by Matt Rosenberg May 6th, 2012
A newly-released focus report on U.S. households by the Census Bureau reveals Washington State is in the top fifth nationally in mixed-race households. Which ever way you slice it. Of Washington husband-wife households counted in the 2010 Census, 10.9 percent were mixed race – versus 6.9 percent nationally. That ranks eighth out of the 50 U.S. states plus the District of Columbia and Puerto Rico. The trend carried across other types of couplings in Washington households. Of unmarried, opposite-sex partner households in Washington, 19.6 percent were mixed race versus 14.2 percent nationally; the state ranked eighth of 52. For same-sex households in Washington, 18.5 percent included partners of different races, versus 14.5 percent nationally; and the state ranked 10th of 52. The report was full of other notable findings nationally, and for Washington and Seattle – regarding solo households, households with children, households headed by single women and single moms, and same-sex households.
Washington not a “breeder state” like Utah, California, Hawaii, Texas
According to the “Households and Families 2010″ U.S. Census report which was issued in April 2012, Washington was far closer to the middle of the pack in average size of household and family. There were 2.51 people per Washington household versus 2.58 nationally, and 3.06 people per Washington family versus 3.14 nationally. The states with the biggest average households and families were Utah (3.1 and 3.56 respectively); California (2.9 and 3.45); Hawaii (2.89 and 3.42) and Texas (2.75 and 3.31). Of the 52 state and related jurisdictions covered in the report, those with the smallest average household and family sizes were the District of Columbia (2.11 and 3.01); North Carolina (2.3 and 2.91); Maine (2.32 and 2.83); Vermont (2.34 and 2.85); and Montana (2.35 and 2.91).
Husband-wife households are less than half of the total
Overall there were 116.7 million households counted nationally in the 2010 census, up 10.7 percent from the last census in 2000. Almost 301 million people lived in those households; another eight million Americans lived in group facilities such as nursing homes, military barracks, or dorms. Two-thirds of households were classified as family households, with two or more related individuals, but just 48.4 percent were husband-wife households, a small gain of 3.7 percent from 2000.
One big U.S. household trend: not married – and no children – thanks very much
The only type of household to decrease over the 10 years was husband-wife with children, which dropped five percent. In percentage terms, the biggest increases from 2000 to 2010 were in unmarried couple households (up 41.4); followed by male-headed households with no spouse or children (up 35.6); female-headed households with no spouse or children (up 29); and male-headed households with no spouse but with children (up 27.3).
Solo In Seattle
Seattle earns a special mention in the report for ranking eighth out of 282 U.S. cities of 100,000 population or more in percentage of one-person households. More than 117,000 of Seattle’s 283,510 households, or 41.3 percent, were inhabited by just one person.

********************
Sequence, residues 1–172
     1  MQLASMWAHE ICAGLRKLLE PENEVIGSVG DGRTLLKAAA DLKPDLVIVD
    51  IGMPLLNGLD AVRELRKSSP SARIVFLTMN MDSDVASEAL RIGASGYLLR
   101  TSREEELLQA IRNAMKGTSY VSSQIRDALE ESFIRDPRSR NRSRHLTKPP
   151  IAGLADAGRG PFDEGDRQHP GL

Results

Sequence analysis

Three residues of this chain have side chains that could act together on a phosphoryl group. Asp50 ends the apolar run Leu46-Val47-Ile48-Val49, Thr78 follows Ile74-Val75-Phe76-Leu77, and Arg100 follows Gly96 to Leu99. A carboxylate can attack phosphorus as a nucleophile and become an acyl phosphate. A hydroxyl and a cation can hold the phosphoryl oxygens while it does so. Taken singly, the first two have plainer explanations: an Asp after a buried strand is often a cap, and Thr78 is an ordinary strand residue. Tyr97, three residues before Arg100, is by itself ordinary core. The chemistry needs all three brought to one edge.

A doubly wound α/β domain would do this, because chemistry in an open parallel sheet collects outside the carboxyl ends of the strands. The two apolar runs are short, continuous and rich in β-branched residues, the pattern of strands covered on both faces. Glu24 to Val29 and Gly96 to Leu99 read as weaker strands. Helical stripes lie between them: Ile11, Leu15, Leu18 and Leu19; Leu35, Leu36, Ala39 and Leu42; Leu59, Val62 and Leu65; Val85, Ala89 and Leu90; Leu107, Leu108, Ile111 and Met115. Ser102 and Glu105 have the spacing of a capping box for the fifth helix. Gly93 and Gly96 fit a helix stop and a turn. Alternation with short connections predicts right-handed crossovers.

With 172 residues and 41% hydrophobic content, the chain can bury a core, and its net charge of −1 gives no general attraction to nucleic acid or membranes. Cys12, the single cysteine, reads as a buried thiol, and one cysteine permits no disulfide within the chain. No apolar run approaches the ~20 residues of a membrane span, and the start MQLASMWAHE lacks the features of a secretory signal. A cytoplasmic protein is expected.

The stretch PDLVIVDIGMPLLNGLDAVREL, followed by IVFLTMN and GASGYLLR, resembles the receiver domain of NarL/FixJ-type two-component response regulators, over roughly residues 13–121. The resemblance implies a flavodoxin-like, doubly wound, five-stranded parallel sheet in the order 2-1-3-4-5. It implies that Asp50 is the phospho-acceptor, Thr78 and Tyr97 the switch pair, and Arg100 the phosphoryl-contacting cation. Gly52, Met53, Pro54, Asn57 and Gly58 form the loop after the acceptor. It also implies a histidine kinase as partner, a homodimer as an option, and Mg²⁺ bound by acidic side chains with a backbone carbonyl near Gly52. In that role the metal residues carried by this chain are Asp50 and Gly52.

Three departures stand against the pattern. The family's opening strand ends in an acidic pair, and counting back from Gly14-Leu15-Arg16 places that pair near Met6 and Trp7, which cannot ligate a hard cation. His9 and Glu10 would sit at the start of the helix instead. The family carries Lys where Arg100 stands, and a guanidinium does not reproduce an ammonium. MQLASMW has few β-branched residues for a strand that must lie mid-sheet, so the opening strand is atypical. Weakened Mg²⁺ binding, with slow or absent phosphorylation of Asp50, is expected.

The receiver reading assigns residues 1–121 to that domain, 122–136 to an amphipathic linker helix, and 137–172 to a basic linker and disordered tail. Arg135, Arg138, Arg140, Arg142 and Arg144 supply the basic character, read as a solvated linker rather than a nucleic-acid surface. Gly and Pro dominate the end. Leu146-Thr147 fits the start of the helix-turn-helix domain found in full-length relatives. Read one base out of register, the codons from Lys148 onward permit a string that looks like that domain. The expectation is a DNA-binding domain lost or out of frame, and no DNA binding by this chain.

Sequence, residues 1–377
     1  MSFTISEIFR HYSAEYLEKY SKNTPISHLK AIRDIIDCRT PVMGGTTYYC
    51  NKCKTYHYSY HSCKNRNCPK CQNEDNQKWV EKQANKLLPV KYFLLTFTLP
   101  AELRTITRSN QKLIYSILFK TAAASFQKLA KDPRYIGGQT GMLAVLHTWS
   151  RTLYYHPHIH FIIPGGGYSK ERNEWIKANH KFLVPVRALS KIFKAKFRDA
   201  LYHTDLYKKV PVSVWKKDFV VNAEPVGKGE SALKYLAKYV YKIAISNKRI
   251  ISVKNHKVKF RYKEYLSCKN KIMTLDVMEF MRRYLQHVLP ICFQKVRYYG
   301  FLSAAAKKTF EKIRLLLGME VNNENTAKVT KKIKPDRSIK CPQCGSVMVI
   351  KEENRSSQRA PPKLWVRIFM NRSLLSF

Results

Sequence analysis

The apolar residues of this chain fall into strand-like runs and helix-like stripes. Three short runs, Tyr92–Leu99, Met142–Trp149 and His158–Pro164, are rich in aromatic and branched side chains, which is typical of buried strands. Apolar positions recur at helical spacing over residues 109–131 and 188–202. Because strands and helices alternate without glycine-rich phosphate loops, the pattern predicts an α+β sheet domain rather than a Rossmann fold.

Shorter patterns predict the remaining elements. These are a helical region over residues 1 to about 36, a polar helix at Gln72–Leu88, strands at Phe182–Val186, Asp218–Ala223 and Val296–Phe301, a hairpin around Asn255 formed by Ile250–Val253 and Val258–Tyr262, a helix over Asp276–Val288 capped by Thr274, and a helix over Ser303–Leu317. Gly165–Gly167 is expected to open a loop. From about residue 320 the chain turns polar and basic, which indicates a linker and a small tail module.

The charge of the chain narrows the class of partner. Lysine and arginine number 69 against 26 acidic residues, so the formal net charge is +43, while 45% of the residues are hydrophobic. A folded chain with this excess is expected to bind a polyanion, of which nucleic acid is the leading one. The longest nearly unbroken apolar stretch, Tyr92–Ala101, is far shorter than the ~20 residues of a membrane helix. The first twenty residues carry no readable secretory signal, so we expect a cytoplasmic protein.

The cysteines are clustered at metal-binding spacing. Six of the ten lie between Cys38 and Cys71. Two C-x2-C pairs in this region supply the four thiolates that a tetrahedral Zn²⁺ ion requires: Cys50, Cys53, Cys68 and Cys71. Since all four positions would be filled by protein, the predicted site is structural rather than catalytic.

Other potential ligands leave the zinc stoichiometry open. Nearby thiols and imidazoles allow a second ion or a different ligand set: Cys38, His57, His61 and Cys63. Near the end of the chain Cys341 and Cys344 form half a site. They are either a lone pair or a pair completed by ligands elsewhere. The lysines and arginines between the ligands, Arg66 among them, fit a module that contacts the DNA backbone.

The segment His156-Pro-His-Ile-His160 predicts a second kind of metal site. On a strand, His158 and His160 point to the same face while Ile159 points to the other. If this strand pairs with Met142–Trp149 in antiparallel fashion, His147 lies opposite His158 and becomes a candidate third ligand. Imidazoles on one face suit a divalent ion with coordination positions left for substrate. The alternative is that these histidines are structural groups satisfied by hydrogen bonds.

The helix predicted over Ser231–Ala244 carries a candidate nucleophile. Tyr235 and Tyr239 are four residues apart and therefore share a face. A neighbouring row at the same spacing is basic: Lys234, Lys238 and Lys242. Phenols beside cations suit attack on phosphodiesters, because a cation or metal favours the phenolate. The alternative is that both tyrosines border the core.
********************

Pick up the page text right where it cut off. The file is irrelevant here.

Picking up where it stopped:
Disparities among U.S. households of spouseless women, and spouseless moms
In the 2010 Census, households headed by a female with no spouse accounted for 13.1 percent of the whole; while 7.2 percent of all U.S. households were headed by spouseless females who also had children. Notably, that last figure is three times more than the percent of households headed by spouseless males with kids.
The percentages of households led respectively by spouseless women, and spouseless women with kids, were lower than the national average for whites (9.9, 5.2) and Asians (9.5, 4.1) but higher for blacks (30.1, 17.4), Latinos (19.2, 12.1), Native Americans (21.4, 12.3), and Native Hawaiians and Pacific Islanders (17, 9.8) and for various mixed-race groupings.
Same-sex households up 80 percent in 2010, but were just .6 percent of all
Same-sex households grew a whopping 80.4 percent from 2000 to 2010, to 646,464 nationally. However this represented just six-tenths of a percent of all 2010 U.S. households. As noted in a Census Bureau technical/statistical paper (see p. 27), this count included same-sex households where the partners categorized themselves as spouses; and households with unmarried same-sex partners. States or related jurisdictions with the highest percentage of total same-sex partner households were District of Columbia (1.8), followed by Delaware, Massachusetts, California and Vermont (each .8 percent). In Washington, .7 percent of households included same-sex partners.
The 2010 Census did not include categories for sexual orientation of individuals, so there is no U.S. LGBT population count resulting from it. As the Washington Blade reported last fall though, according to the National Gay and Lesbian Task Force more than 140,000 2010 U.S. Census respondents attached stickers to their forms and more than 30,000 individuals singed petitions urging the inclusion of individual LGBT counts in future Census takings and in similar efforts (such as the ongoing, American Community Survey).